"See, here's how it works," says Milian. "You can make that decision, but it comes at a cost. You signed this contract. I didn't sign it--you did. And you can break it or ignore it or use it as a doily, but you have to understand there are consequences to those kinds of decisions. And you certainly aren't allowed to make money off that kind of decision."

It's fun to watch the body language of the losing parties as it slowly dawns on them that being hopping mad is not necessarily grounds for legal action. Their eyes narrow, their shoulders come up, and they cross their arms defensively over their often ample bosoms. There are rules, and the rules are real, and the rules are not working in their favor. This gives me an intense pleasure that I find very difficult to explain.

But fairness--and especially structured, evenhanded fairness--is important. Each new case seems to reinforce this essential concept, whether we're squabbling over a puppy, a broken windshield, or a slip-and-fall with injury resulting. And this fairness relies on proof--Milian reminds both plaintiffs and defendants that talk is cheap but real documentation, credible evidence, is what gets the job done. Often, when a plaintiff or defendant claims they have proof of something but forgot to bring it, she asks, "So, are you saving that for some other judge?"

I admit I'm a little bit ashamed of my liking for this slightly cheesy show, and I never would have gotten started on it if I hadn't spent so much time hanging around the house with nothing to do. But now I am well, and yet I still knock off work at four each day to watch Marilyn Milian do again what she did yesterday--demonstrate the essential beauty and logic of civil law. 

So now I've confessed and actually feel better for it. Just for the record, though, I have no appetite for soaps. I tried them, and it's no go--the people on soap operas never seem to have  anywhere they need to be in the middle of the day and they spend way too much time talking behind each other's backs. That's distasteful, and all the chatter leads to crisis after crisis but never any real conclusion--I'll take the gavel and the final ruling any day. 

Monday, August 9, 2010

The hind leg off a donkey

My husband's sister has just decamped after three solid days of nonstop talking--we listened to hundreds of hours of pressured, pointless, controlling, and profoundly boring discussion of unrelated minutiae, one incoherent topic chained tightly to the next.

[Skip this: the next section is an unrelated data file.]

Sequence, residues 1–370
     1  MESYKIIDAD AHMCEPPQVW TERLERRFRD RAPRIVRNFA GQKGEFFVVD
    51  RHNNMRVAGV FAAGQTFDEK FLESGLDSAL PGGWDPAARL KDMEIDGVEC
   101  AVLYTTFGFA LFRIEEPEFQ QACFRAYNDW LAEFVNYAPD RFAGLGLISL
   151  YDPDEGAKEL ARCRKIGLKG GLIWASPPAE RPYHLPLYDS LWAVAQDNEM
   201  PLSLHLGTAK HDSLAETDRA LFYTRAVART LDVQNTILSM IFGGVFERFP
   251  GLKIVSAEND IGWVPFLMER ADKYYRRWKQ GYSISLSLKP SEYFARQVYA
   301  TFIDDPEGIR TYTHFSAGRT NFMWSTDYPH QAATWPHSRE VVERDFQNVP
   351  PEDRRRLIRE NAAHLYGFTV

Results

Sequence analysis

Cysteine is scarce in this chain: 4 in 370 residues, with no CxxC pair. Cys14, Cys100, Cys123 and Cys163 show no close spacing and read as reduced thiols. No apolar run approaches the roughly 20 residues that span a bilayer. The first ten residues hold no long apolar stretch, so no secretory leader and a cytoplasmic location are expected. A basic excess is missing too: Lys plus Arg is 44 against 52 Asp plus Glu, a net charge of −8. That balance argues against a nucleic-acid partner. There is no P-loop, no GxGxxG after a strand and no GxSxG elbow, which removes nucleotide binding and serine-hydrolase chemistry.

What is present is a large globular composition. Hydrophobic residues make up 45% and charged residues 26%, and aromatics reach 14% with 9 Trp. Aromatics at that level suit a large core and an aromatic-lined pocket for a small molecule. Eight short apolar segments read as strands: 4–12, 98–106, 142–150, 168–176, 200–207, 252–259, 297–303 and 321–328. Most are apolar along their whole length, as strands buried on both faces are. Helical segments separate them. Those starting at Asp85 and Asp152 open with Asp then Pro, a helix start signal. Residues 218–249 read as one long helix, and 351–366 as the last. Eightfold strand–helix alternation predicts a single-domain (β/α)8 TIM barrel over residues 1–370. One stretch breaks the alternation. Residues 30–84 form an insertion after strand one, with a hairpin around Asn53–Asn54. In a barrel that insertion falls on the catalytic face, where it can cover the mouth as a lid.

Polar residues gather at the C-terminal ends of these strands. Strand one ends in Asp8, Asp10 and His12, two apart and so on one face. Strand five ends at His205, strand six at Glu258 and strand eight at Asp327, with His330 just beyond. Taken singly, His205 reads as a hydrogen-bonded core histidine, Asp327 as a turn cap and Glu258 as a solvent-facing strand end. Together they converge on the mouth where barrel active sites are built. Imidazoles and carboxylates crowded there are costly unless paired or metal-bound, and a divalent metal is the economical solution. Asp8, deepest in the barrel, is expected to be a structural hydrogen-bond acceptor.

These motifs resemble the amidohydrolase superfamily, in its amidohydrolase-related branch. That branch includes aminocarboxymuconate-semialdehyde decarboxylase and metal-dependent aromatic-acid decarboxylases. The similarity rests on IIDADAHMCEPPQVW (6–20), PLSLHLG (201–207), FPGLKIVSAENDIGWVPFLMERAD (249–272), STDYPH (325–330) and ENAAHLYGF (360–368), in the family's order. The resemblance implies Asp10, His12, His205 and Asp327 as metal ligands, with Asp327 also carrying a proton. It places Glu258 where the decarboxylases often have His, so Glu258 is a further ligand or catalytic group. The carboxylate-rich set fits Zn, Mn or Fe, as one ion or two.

She told us about every single plant in her garden, the weave of the carpet on the stairs of an apartment she rented in her twenties, the many things an old boyfriend spake unto her, the provenance of a specific stone on an ankle bracelet, the mysterious mixing bowl with the flowers on it,  how many times, exactly, she went to the store and why and who she took with her, the names and individual habits of her three hermit crabs,  and the night she spent at the Red Roof Inn and why the Red Roof Inn is superior to the Comfort Inn and Motel Six.

She was so busy talking it became impossible to do anything--when we finally got her dislodged, after many overt prompts and signals, to, say,  go for a ride on our lovely boat in perfect weather on the bright blue waters of Mallets Bay, she just kept yakking away, so utterly absorbed by all the unsaid things that she couldn't even notice her surroundings.
Now that she's gone, I can uncoil long enough to understand that this strange affliction is probably a kind of mania and not her fault. But it feels like her fault--the woman can talk the hind leg off a donkey.

Of course I can be intolerant and uncharitable, but my husband, in contrast, is amazingly polite, always willing to make other people's comfort a priority even if it means being excruciatingly uncomfortable himself. Yet even he had had enough when he had to listen to a lengthy disquisition on how she calculates her car mileage in this certain specific way.

What kind of life is that? Is it a life that someone would choose? Of course not. It must be torment for her as much as it is for the people around her, but she cannot simply stop. What's that old joke about the twelve-step program for manics? Alanononononononon.

I'm glad she's gone, and of course now I feel guilty in that gladness, but the peace that descended as soon as she left was blissful beyond description.